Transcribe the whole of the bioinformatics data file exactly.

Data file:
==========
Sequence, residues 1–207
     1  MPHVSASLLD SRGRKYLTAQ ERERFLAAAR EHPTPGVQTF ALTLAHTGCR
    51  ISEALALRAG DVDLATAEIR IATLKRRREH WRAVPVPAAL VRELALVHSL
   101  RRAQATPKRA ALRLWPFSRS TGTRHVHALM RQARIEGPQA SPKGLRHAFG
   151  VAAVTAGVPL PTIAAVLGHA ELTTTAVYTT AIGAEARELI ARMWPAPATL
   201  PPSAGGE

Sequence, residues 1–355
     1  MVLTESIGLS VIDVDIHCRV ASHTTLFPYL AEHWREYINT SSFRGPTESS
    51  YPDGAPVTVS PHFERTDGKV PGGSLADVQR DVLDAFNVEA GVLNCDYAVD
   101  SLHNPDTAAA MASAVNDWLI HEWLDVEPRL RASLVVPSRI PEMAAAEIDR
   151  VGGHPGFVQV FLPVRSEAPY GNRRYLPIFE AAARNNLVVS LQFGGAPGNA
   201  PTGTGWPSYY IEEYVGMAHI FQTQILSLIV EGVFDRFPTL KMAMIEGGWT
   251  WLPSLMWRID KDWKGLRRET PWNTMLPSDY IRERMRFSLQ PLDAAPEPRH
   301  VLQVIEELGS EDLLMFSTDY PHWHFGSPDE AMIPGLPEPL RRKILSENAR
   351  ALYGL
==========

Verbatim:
Sequence, residues 1–207
     1  MPHVSASLLD SRGRKYLTAQ ERERFLAAAR EHPTPGVQTF ALTLAHTGCR
    51  ISEALALRAG DVDLATAEIR IATLKRRREH WRAVPVPAAL VRELALVHSL
   101  RRAQATPKRA ALRLWPFSRS TGTRHVHALM RQARIEGPQA SPKGLRHAFG
   151  VAAVTAGVPL PTIAAVLGHA ELTTTAVYTT AIGAEARELI ARMWPAPATL
   201  PPSAGGE

Sequence, residues 1–355
     1  MVLTESIGLS VIDVDIHCRV ASHTTLFPYL AEHWREYINT SSFRGPTESS
    51  YPDGAPVTVS PHFERTDGKV PGGSLADVQR DVLDAFNVEA GVLNCDYAVD
   101  SLHNPDTAAA MASAVNDWLI HEWLDVEPRL RASLVVPSRI PEMAAAEIDR
   151  VGGHPGFVQV FLPVRSEAPY GNRRYLPIFE AAARNNLVVS LQFGGAPGNA
   201  PTGTGWPSYY IEEYVGMAHI FQTQILSLIV EGVFDRFPTL KMAMIEGGWT
   251  WLPSLMWRID KDWKGLRRET PWNTMLPSDY IRERMRFSLQ PLDAAPEPRH
   301  VLQVIEELGS EDLLMFSTDY PHWHFGSPDE AMIPGLPEPL RRKILSENAR
   351  ALYGL